Alternative, healthy treats to serve at your next Halloween party

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Since sugar is abundant on Halloween night, why not offer scary looking but healthy options to fuel those going out to trick-or-treat. (KABC)

Kids see Halloween as a night filled with fun, frights, fantasy and food, while parents worry about sugar shock, food allergies and safety.

But somehow the two meet in the middle with common sense concepts that allow everyone to have a good time.

"You want some really fun, maybe gooey-looking things that are a little scary. Kids love that stuff," said Michelle Harrison, creator of SideChef.

Harrison, who creates recipes for the free cooking app known as Sidechef, says it's important to fuel kids up with a balanced meal before they party or go trick-or-treating. Otherwise they're likely to be eating loads and loads of sugar and empty calories.

One fun example is turkey meatball "eyeballs," which contain olives and provolone cheese in a bloody marinara sauce.

Zombie guts are quickly assembled by mixing cream cheese with low sugar jam in lieu of cakes and cookies.

Harrison went with bloody biscuits, which in reality is reduced cherry pie filling on biscuits that are maybe a little too convincing.

But what to do with the trick-or-treat candy is always an issue.

"Many years ago, I employed a rule of less sugar. But it didn't work, it just ruined Halloween," Natasha Swords, of Topanga, said.

Swords has a 9 and 12-year-old, and she doesn't keep candy in the house, but gives them a few days to enjoy their stash.

"So they're allowed about 10 pieces a day for three days. Whatever is left after that we have to donate. It cannot stay in the house, because then I'll end up eating it," Swords said.

Halloween is one of the many upcoming food holidays, so talking about moderation should start early, and for kids of all ages, you want to teach them to sit and savor those foods that they truly enjoy.

Offer a spread that has good protein, fat and fiber sources to keep blood sugars even for the night ahead.

Harrison's recipes can be found on the SideChef app, but she gave ABC7 her eyeball recipe:

Eyeball Meatballs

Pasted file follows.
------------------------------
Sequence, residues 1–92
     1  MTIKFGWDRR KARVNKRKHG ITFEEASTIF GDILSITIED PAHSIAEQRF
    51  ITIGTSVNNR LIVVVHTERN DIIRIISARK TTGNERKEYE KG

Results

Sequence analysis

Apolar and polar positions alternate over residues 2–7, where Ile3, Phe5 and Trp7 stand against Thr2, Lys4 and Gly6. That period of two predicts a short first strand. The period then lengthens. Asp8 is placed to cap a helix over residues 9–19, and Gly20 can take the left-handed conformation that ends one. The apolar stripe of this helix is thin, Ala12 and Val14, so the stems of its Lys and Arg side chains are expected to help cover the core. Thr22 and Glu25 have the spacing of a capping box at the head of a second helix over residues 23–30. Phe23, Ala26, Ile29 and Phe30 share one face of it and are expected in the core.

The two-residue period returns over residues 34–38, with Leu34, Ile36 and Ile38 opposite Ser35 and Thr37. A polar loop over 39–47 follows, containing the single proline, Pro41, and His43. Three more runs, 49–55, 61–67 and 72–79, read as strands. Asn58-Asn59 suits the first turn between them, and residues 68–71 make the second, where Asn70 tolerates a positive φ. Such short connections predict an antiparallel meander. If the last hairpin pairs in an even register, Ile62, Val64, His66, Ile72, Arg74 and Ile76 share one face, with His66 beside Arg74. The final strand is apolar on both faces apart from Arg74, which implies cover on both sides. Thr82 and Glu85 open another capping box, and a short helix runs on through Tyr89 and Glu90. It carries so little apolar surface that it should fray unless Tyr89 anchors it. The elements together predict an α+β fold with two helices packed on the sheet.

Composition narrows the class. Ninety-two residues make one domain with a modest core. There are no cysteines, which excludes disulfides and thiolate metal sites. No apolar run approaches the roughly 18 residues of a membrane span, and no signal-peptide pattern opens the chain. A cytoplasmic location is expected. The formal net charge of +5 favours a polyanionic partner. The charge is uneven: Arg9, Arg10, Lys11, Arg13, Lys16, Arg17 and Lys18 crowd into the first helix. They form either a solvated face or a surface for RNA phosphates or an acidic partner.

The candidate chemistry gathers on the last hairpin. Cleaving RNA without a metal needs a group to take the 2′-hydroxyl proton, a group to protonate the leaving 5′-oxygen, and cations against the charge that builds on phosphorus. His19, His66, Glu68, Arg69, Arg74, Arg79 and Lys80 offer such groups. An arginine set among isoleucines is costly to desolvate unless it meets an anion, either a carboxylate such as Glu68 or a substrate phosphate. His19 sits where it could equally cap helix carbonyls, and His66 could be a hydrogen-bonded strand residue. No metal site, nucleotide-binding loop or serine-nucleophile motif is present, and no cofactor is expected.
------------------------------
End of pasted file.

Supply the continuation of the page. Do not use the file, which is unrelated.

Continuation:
Makes approximately 14 meatballs

Ingredients:
1 can sliced black olives
1 package pre-sliced provolone cheese
large jar of marinara
sword toothpicks

1 lb ground turkey
1 cup finely diced white onion
1 cup panko breadcrumbs
1 egg
1 tsp Italian seasoning
1 tsp salt
1 tsp ground pepper
1 tsp Worcestershire sauce

1. Preheat the broiler element of the oven and arrange an oven rack about 6 inches beneath the broiler.
2. Finely chop the onion.
3. Spray a large baking sheet with non-stick cooking spray.
4. In a large mixing bowl, combine the turkey, onion, salt, pepper, breadcrumbs, egg, Italian seasoning, salt and pepper with clean hands. Careful to not over mix!
5. Roll the meat into golf ball-sized balls and arrange them on the baking sheet with at least 2 inches between each of them.
6. Broil the meatballs for about 5 minutes, until the tops begin to brown and crisp.
7. Turn off the broiler and set the oven to 350 degrees. Continue cooking the meatballs for another 5 minutes, or until they are cooked through.
8. To make the "eyeballs" cut the provolone slices into 1-inch wide small circles.
9. Spread 1 cup of the marinara (heated or room temperature) onto a serving platter.
10. Stack a provolone circle and then an olive atop the meatball. Skewer a toothpick through to keep it intact.
11. Arrange the meatballs on the platter and dribble more marinara on top. Serve warm or at room temperature.
Related Topics:
foodfood coachhalloweencandyhealthhealthy recipes
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